Helen Smallbone - How To See Our Kids For Who They Are

Single parents know parenting alone is hard. And, when our kids are all different - with different temperaments, personalities, struggles, and behavior traits — it is hard to know how to guide them effectively and, at the same time, how to be OUR best for them - uniquely and individually.
We recently talked with Helen Smallbone about this very thing. If you are familiar with Christian music, Helen’s incredible parenting skills have impacted you. She is mother to Joel and Luke of For King and Country, and daughter Rebecca St. James. She hosts an incredible podcast on Access More called MUM LIFE Community and she has raised and homeschooled seven kids.

Two verses come to mind when talking about raising a family.

Deuteronomy 6:7 NIV And you shall teach them diligently to your children and speak of them when you sit in your house and when you walk along the road, when you lie down and when you get up.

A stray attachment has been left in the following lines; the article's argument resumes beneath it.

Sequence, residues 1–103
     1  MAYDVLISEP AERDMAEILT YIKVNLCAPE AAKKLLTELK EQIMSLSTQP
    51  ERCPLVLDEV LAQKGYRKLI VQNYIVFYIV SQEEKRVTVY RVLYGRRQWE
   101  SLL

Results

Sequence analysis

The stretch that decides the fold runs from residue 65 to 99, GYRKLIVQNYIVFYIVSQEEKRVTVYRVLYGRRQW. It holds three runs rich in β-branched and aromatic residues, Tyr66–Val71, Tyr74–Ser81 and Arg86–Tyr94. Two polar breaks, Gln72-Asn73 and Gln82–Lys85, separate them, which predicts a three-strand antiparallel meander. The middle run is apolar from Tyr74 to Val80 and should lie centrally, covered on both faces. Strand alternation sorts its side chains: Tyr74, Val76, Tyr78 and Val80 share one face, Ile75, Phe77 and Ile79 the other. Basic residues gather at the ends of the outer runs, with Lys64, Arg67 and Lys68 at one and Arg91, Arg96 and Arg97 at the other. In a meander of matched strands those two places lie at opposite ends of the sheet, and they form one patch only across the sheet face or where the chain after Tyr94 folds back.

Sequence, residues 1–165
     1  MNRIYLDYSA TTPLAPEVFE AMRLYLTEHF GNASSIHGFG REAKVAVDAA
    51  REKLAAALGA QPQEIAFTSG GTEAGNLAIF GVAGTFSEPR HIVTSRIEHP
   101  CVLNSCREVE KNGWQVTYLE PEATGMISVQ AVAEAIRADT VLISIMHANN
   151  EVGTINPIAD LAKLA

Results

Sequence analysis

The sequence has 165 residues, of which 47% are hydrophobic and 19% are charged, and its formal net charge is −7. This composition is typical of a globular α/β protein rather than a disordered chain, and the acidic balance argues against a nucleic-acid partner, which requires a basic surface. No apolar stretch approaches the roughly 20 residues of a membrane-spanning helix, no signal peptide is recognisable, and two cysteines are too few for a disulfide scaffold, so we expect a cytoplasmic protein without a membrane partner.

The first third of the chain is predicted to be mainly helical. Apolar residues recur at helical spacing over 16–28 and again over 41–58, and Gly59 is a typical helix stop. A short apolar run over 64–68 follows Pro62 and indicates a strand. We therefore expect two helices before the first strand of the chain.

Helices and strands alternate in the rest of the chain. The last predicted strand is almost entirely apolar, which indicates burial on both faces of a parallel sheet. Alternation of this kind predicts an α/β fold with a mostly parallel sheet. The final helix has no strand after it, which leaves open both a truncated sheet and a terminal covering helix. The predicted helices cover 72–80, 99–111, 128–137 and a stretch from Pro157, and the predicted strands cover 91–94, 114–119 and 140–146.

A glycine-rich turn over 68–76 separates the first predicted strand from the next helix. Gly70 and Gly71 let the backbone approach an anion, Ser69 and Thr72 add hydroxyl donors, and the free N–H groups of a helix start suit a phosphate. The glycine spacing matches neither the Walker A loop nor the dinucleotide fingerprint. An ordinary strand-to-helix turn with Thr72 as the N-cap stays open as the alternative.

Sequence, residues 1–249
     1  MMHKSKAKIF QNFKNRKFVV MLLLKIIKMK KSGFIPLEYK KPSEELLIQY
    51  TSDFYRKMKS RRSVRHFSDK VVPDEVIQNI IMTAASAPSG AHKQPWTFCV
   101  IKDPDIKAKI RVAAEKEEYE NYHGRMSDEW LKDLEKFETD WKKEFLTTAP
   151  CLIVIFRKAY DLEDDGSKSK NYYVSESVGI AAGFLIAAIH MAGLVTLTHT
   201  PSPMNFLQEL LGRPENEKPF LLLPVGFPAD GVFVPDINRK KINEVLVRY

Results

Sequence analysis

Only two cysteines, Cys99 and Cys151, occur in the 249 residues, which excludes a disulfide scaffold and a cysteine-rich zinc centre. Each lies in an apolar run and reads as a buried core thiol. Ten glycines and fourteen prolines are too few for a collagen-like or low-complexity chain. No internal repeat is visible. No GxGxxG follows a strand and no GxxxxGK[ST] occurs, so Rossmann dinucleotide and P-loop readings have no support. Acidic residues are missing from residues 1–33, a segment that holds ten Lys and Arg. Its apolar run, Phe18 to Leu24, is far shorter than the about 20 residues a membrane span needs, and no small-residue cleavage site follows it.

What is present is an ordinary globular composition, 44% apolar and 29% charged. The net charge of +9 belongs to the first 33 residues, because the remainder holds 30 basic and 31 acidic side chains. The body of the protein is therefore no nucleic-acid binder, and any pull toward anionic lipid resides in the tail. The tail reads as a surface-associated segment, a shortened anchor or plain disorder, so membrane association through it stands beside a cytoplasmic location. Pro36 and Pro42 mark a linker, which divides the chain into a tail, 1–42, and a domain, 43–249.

Proverbs 22:6 ESV
Train up a child in the way he should go; even when he is old he will not depart from it.

Helen says one of the ways she looked at raising her kids was found in a very uncommon word related to parenting - vocation. From her perspective, that word could be explained as ‘calling’. What specific ‘purpose’ or ‘calling' has God put within each of our kids? Her encouragement is - “when you look at your kids, look for what has God created them to be, and [ask]how can I encourage them on that journey?” This changes the way we view our parenting.

One way Helen did this was to keep a journal when her kids were little so she wouldn’t forget the significant moments. Then, every year on their birthday, she would write what she calls a ‘summary’ of who she saw so later on they could be reminded of parts of their childhood.
Often, even early on, our kids have glimpses of the desires, dreams, and visions God has placed on their lives that we can tend to forget later in life.

Helen is a big believer in the importance of leaning into the Holy Spirit. There is no one set of rules that applies to the unique characteristics of our kids - what works for one may not work for the other. Asking the Holy Spirit specifically, “who is this child becoming, who have You created them to be?” allows us to guide them on their journey.

Helen acknowledges the difficulty in parenting various personality types, talents, and dreams because they’re all so different. One way to do this is to allow them to try different things to see how it goes. One size does not fit everybody, and ‘trying things on’ is a big part of figuring out gifts, direction, and passions. It allows our kids the opportunity to fail or succeed and find their niche.